Student life: Semester at Sea - William DeSena's journey in poetry

August 26, 2014

As the saying goes, pictures are worth a thousand words. But do photos capture every nuance of feeling, like one or two lines of poetry can?

William DeSena, a CU-Boulder film studies student who spent the spring 2014 semester at sea through CU-Boulder's Study Abroad program, found that in poetry he could capture the steps of his journey in a way that retained sensory detail, beyond the still imagery of a photo. DeSena spent four months on a Semester at Sea (SAS) ship, visiting 12 countries that spanned from Japan to Morocco -- his favorites were Vietnam and Myanmar. Aboard the ship, DeSena spent time writing poems and re-creating what he experienced on land. When he met Nick Clement, a CU-Boulder alumnus who was the SAS videographer for the trip, they collaborated and made a video. The video features one of DeSena’s poems.

“When I found out there was a videographer for the ship, I just wanted to talk to him,” said DeSena, who planned to make his own video from the trip. “We hit it off right away and became really good friends.”

DeSena and Clement spent several of their travel days together, including the ancient city of Bagan, Myanmar.

Knowing that DeSena had been writing poetry on the ship, Clement asked him to write a poem about his experience in Bagan. The video and poem reflect the scenic views of the land, with scattered pagodas, an orange sun and “unexpected smiles.” DeSena added that with consideration of the socio-political conflicts throughout Myanmar’s history, he and classmates didn’t anticipate the very warm welcome they received from the native Burmese.

“I think the people, more than anything, blew me away in Myanmar… They were some of the most honest and kind people we met on the trip,” DeSena said, sharing a story about one Burmese man they encountered, who went an hour out of his way to help a group of SAS students.

“We were on mopeds, trying to find a pagoda,” he said. “And this guy was on his way to work. Somehow we got through the language barrier and he figured out which way we were trying to go. He went an hour out of his way, just to bring us there.” When they got to the pagoda, the Burmese man turned around and drove an hour back.

DeSena took three courses on the ship, including "African Cinema," "International Business" and "Poetry." He said that by reading and discussing poetry, while experiencing the many rich moments of travel, he felt inspired to write some poetry himself.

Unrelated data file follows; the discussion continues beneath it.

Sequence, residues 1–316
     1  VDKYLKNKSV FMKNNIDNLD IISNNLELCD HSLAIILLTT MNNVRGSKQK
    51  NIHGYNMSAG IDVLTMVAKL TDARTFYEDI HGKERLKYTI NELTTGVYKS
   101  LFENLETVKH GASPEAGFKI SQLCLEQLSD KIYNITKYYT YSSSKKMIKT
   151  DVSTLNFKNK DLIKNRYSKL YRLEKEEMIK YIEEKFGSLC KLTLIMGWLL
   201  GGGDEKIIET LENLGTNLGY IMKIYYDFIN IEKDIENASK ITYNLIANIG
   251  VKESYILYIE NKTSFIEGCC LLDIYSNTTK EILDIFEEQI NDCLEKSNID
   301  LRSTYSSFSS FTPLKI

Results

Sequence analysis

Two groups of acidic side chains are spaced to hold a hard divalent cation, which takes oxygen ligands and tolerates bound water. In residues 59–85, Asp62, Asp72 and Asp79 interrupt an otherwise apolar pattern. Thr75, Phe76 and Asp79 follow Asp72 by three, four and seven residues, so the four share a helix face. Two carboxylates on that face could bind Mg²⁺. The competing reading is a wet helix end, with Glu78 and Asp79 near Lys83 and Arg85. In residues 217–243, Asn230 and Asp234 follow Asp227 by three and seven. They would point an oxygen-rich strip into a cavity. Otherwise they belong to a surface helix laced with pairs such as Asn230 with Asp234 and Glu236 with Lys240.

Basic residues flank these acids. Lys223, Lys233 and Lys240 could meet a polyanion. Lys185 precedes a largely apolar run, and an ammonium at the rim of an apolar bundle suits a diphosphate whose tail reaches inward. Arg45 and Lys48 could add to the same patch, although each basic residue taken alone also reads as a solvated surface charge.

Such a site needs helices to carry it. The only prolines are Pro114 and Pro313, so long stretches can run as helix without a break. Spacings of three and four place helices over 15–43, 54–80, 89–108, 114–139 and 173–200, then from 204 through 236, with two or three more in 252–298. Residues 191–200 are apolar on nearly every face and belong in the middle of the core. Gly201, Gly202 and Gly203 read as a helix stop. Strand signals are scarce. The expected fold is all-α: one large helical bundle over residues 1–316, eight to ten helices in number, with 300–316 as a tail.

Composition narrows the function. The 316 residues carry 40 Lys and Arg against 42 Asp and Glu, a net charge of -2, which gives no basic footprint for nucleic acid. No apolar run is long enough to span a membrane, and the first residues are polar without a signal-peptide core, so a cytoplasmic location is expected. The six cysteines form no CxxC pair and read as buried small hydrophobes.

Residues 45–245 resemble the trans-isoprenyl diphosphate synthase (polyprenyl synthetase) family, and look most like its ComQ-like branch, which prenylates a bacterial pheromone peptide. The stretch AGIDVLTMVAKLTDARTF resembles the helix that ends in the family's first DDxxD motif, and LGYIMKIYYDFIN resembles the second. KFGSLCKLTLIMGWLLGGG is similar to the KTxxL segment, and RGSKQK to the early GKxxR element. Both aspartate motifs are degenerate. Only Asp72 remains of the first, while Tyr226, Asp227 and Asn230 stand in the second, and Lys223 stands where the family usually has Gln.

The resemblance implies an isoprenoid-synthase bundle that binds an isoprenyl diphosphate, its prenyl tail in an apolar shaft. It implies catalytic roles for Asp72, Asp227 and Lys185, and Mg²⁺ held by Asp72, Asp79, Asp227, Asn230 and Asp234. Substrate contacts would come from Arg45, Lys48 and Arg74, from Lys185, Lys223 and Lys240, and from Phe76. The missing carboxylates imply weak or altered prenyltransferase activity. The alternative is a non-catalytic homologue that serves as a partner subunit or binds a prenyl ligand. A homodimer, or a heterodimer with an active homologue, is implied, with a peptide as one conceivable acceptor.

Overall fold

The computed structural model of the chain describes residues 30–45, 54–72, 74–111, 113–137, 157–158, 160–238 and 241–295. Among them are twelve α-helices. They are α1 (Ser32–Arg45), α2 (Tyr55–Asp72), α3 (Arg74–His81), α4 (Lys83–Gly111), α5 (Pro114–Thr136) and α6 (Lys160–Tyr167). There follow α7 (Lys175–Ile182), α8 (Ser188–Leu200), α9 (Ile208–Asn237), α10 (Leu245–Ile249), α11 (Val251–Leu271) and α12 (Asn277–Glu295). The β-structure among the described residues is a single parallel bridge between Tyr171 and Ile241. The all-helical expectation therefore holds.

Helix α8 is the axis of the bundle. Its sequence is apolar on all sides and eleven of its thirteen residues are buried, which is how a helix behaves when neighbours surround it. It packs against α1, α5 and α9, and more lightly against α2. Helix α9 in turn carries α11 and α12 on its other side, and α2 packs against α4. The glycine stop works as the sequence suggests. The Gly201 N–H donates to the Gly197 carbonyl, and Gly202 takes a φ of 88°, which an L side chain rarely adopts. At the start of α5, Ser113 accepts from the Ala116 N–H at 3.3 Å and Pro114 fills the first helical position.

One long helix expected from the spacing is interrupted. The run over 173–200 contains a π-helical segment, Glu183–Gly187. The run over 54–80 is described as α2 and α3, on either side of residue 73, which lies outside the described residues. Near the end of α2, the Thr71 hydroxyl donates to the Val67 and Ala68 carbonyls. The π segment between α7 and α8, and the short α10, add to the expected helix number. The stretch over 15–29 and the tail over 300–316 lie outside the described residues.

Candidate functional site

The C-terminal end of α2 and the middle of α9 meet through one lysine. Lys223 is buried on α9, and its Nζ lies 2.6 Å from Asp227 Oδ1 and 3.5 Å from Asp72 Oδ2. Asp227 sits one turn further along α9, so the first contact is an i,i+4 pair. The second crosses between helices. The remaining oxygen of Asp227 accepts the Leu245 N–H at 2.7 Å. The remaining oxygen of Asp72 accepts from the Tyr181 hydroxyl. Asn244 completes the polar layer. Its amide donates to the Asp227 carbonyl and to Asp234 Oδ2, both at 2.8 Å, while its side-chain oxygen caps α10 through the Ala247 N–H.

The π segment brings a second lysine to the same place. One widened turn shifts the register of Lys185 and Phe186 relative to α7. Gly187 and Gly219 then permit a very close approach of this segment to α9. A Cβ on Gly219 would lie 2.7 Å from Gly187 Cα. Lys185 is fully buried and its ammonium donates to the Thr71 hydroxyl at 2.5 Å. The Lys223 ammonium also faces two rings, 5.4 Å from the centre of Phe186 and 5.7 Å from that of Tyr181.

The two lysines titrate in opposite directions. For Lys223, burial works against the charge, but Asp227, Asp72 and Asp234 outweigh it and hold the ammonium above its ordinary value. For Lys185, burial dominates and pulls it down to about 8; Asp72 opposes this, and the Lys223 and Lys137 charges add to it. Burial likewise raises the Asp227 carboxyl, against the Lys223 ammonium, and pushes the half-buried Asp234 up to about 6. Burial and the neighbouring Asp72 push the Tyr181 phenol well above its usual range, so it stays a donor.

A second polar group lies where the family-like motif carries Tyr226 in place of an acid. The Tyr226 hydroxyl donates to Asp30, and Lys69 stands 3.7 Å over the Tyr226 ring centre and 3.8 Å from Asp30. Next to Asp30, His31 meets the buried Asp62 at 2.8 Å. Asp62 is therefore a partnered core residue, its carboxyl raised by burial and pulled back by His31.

“In poetry, if you can figure out how to link a couple words, even if it’s just one, two, three or four words, what they can mean in such a minimalist structure is amazing to me,” DeSena said. He added that all of his poetry came out on the ship, usually when the sun rose around 6 a.m.

“Being on the ocean… something was so powerful… the smell of salt water, and the spray… It’s so isolating but in a beautiful way,” he said. A native of Cape Elizabeth, Maine, the ocean has always been one of DeSena’s most prominent sources for inspiration.

In addition to poetry, DeSena caught video for his own project, a “poetic narration” about life, family and friends. As a burgeoning creative in the film industry, one of the reasons he chose to do Semester at Sea was because he wanted to create an inspirational travel video.

“I was thinking about it more and more, and thought [SAS] might be the perfect program for the video,” he said, adding that because SAS brings students to multiple countries over a four-month time span, the diversity in footage would be more suitable for what he envisioned.

DeSena plans to combine his footage with archived footage from his family’s old VHS tapes.

“It’s not going to be a full on storyline… more about life, family and friends. On that trip, it really hit me how much family and friends mean to me,” DeSena said, mentioning that his biggest takeaway from traveling around the world was the relationships he built with other people. “Since there are no shields up, and you have such little time, everything just pours out right then and there. Everything about you, all of your emotions, especially when traveling.”

DeSena urges students considering SAS to “absolutely do it,” referring to his trip as one of the most powerful experiences he thinks he’ll ever have. Though he warns, now getting antsy when finds himself on the couch, “the travel bug is very real.”

To learn more about Semester at Sea and studying abroad, visit the Study Abroad Fair on Thursday, Sept. 4, from 11 a.m. - 3 p.m. in the UMC fountain area.

Photo: William DeSena on top of a sand dune in Morocco, one of 12 countries he visited during his Semester at Sea in spring 2014. Photo courtesy of DeSena.

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